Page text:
Glasgow Day Out: European Championships Women's Road Race

Glasgow Day Out: European Championships Women's Road Race

Shawn's already previewed tomorrow's men's race in his own inimitable fashion but here - belatedly - are a few photos from the women's race last weekend. No ghosts alas, just a bloke wheeling a shopping trolley full of liqueurs across the closed roads (his mate with the sackbarrow seems to be transporting large amounts of blue roll and possibly also Nutella...)


This on a street to the east of the city centre comprising mainly e-cigarette shops and criminal defence lawyers for some reason. It should be said that the course - the same for both men and women, thankfully, just different numbers of laps - also goes up to the leafier West End, around Kelvingrove and Glasgow University and along Byres Road, no less. (You think you don't know Byres Road? Every city has a Byres Road.) As Shawn says, it's a twisty, technical circuit with multiple steep short climbs at both ends of the course, attritional on successive laps but also encouraging breakaways.

It's also great circuit for watching. You could get down to the start at Glasgow Green (no vampires, just loads of mums and dads and kids and cyclists and, the one perhaps countering the effect of the other, a food festival and a sports participation fair) and watch the first few laps…


Spot the soon-to-be breakaway heroine… and the eventual winner.

… before heading off out to one of the steeper spots on the course.

In the meantime, a break of five had formed, with multiple world junior MTB champion Sophie Wright going clear…


You'll be seeing some more of this pink helmet.

… of Lisa Klein, Juliette Labous, Nadia Quagliotto and Lucinda Brand.


The rest of the early break left in Sophie Wright's wake.

While the riders completed another lap, I hurried off up the short but super-steep Montrose Street for a better view. By the time they came round again, Wright had increased her lead to over two minutes. Klein and Labous…


Starting to look like hard work.

… were also still off the front, though being rapidly reeled in by the peloton led by Anna van der Breggen…


Anna, Soraya, Emilia, Elisa…

… who at this point in the race looked like an absolute machine. Seeing Anna drag the peloton up the hill was probably the highlight of my day. (That or the crab roll at the food festival, anyway.) But more of Anna later.

At its greatest extent, Sophie Wright's lead stretched to about three minutes…

Getting harder.

… but as the peloton closed in riders started to attack, including Lucinda Brand and Wright's GB teammate Anna Henderson:



On the next lap, with Wright about to be swallowed up, it was Alice Barnes' turn to attack, followed by Chantal Blaak (nice to see the rainbow jersey on the streets of Glasgow) and Elena Cecchini:


(The second Dutch rider is Stultiens, not sure who the Belgian is. They were both quickly caught though.)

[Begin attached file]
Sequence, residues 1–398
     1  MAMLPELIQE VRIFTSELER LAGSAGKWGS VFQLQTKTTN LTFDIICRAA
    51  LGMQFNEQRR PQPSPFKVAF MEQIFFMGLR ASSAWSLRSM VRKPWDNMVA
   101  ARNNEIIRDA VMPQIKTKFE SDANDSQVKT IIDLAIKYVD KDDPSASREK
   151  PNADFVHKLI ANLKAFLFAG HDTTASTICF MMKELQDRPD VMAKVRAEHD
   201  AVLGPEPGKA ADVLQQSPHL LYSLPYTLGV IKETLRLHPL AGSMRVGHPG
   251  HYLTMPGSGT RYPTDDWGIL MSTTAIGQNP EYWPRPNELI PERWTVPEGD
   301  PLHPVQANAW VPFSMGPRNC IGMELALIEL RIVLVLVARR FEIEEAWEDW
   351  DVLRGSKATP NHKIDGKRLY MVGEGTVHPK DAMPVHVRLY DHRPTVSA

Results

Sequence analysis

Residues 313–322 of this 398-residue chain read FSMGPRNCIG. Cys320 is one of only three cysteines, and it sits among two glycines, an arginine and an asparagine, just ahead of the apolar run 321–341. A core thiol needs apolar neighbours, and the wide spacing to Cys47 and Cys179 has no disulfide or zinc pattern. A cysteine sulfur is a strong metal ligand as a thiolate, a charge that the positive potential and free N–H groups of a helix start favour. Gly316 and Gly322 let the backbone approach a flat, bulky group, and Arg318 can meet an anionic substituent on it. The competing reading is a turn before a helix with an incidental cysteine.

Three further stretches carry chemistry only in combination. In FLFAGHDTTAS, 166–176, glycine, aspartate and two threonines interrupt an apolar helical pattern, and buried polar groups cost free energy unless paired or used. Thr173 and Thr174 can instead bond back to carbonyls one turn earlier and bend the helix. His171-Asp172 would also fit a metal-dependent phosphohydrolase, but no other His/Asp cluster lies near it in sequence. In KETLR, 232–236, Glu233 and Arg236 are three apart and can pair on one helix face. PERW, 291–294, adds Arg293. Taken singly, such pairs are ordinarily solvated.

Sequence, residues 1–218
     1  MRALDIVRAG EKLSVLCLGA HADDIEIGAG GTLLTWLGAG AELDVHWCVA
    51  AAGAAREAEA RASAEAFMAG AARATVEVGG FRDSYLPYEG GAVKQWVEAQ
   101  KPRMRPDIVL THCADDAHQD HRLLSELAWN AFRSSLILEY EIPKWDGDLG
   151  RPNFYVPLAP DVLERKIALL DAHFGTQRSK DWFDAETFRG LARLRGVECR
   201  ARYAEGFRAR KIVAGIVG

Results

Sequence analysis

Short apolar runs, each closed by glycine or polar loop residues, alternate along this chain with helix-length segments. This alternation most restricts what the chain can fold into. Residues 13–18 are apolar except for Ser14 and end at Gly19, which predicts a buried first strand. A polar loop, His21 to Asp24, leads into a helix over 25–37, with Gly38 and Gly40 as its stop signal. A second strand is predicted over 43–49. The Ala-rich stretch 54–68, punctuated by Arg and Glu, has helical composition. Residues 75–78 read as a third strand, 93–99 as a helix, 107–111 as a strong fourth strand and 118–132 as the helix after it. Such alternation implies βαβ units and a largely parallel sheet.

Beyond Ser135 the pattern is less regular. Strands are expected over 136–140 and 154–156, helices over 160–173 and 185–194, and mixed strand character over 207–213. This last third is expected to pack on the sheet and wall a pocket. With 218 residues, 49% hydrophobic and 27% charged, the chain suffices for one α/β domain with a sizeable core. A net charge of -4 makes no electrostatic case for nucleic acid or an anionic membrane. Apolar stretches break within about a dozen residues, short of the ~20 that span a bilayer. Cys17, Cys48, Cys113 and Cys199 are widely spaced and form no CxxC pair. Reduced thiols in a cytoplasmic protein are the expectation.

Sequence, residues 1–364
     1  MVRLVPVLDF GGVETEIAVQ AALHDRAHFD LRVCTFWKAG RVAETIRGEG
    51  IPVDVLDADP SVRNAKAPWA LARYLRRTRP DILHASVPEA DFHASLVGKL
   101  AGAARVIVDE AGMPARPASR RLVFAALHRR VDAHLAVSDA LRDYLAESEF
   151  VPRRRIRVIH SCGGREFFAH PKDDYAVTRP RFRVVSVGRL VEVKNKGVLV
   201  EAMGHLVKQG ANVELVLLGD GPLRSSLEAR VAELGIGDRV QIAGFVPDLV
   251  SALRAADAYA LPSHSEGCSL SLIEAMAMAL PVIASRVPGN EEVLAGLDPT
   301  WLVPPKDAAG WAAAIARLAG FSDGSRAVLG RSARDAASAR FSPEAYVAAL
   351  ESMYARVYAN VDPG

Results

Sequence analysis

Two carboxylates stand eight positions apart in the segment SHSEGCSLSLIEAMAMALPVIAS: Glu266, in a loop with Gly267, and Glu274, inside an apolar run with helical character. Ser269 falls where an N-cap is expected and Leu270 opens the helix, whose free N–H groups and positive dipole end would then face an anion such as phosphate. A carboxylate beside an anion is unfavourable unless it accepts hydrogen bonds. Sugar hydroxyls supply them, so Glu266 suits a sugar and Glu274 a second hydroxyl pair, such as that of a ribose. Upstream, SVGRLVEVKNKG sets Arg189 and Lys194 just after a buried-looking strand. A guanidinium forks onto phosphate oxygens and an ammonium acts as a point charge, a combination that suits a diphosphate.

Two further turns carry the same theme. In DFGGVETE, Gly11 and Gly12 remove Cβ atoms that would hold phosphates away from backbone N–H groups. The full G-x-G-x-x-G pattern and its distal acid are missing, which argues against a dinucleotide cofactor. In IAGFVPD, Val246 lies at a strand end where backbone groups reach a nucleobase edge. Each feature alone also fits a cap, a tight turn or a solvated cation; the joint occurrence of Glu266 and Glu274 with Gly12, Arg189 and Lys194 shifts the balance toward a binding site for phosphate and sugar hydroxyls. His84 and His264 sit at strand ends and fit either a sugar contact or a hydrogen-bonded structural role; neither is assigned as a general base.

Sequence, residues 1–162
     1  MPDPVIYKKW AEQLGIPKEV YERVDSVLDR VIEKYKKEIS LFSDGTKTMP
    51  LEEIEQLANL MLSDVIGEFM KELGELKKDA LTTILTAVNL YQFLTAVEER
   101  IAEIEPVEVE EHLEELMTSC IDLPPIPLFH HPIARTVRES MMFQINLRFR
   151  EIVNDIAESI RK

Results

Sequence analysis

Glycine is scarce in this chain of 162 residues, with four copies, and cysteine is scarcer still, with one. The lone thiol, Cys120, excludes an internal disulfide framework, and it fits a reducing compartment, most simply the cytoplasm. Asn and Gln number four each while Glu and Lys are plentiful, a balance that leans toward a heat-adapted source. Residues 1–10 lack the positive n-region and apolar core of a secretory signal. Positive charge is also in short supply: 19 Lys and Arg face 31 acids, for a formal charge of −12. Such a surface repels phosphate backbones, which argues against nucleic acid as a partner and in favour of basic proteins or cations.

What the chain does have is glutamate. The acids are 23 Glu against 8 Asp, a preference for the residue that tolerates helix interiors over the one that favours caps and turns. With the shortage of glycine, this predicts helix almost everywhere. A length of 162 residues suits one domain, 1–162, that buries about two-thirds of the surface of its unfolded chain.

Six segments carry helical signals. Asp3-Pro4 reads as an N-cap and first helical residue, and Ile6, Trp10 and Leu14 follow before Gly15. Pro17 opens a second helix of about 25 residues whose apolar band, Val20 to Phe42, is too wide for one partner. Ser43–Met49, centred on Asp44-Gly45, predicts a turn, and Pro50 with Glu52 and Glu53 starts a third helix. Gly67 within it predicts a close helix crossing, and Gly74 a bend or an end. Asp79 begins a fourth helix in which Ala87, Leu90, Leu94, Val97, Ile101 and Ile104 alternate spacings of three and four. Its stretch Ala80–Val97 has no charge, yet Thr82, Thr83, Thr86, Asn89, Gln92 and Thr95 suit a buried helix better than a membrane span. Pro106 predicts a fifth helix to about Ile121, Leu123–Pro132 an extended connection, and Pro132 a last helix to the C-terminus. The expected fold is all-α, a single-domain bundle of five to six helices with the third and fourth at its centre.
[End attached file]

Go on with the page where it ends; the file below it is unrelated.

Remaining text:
As Wright was finally swept up, you could see the remaining Dutch and Italian riders gathering:


Proper racing, this.

This was my cue to run/jog/speed walk back down to Glasgow Green for the finish, thus missing the next attack, which saw Anna van der Breggen and Elisa Longo Borghini go clear.

I've read all the reports and explanations and rider quotes since, but I'm still at a bit of a loss to understand entirely what happened next. You'd never bet against AvdB in a two-up against ELB, but when they were joined by Dani Rowe - who Wright and co. had been working to set up - Anna apparently signalled some doubts. So the Dutch team continued to chase, even when the trio were joined by Aude Biannic and Anna's teammate Floortje Mackaij.

This is puzzling. Frankly, I'm not so sure Anna wouldn't have beaten Dani, but even if Anna doubted her own chances, surely Floortje would have been a decent bet in a sprint, especially with the help of a teammate? As for the suggestion that Anna's teammates misunderstood and thought she didn't have the legs in general, this also seems odd, given it was Anna who attacked the group. Only ELB could go with her. Rowe, Biannic and Mackaij dropped back.

Watching on the big screen at the finish, once we were back to an Anna vdB-Elisa LB two-up, it seemed the race would only end one way. Yet the sight of the Dutch riders on the front of the peloton caused a nagging doubt. They didn't exactly seem to be blocking... In a very weird moment, the time delay from race to screen meant that we were just seeing the catch on the screen as the reduced peloton of about 20 or so riders hit the finishing straight. Here's my view of the sprint:


I'm puzzled about where Vos is in this photo.

Not bad, eh? The Dutch train formed right in front of us on the left, but it was Marta Bastianelli who powered past to take the win, well ahead of Vos who seemed to come from the opposite side. Lisa Brennauer, already a Glasgow 2018 medallist on the track, finished third.

43885811512_e532e181db_b.0.jpg (The mascot is a seal.)

Bastianelli's not necessarily the most popular winner, being one of a small number of riders in the women's peloton to have served a doping suspension (curiously, another, Lithuanian Rasa Leleivyte, finished 6th). But when the Dutch screw up, it's usually the Italians who benefit. And looking back through my photos, it was striking how they are always there, in the breaks and at the front of the peloton, maybe a little bit behind the Dutch, but always watching, waiting, working.

So it was cheers all round on Glasgow Green, followed by ice cream and then off to George Square for a bit of a party.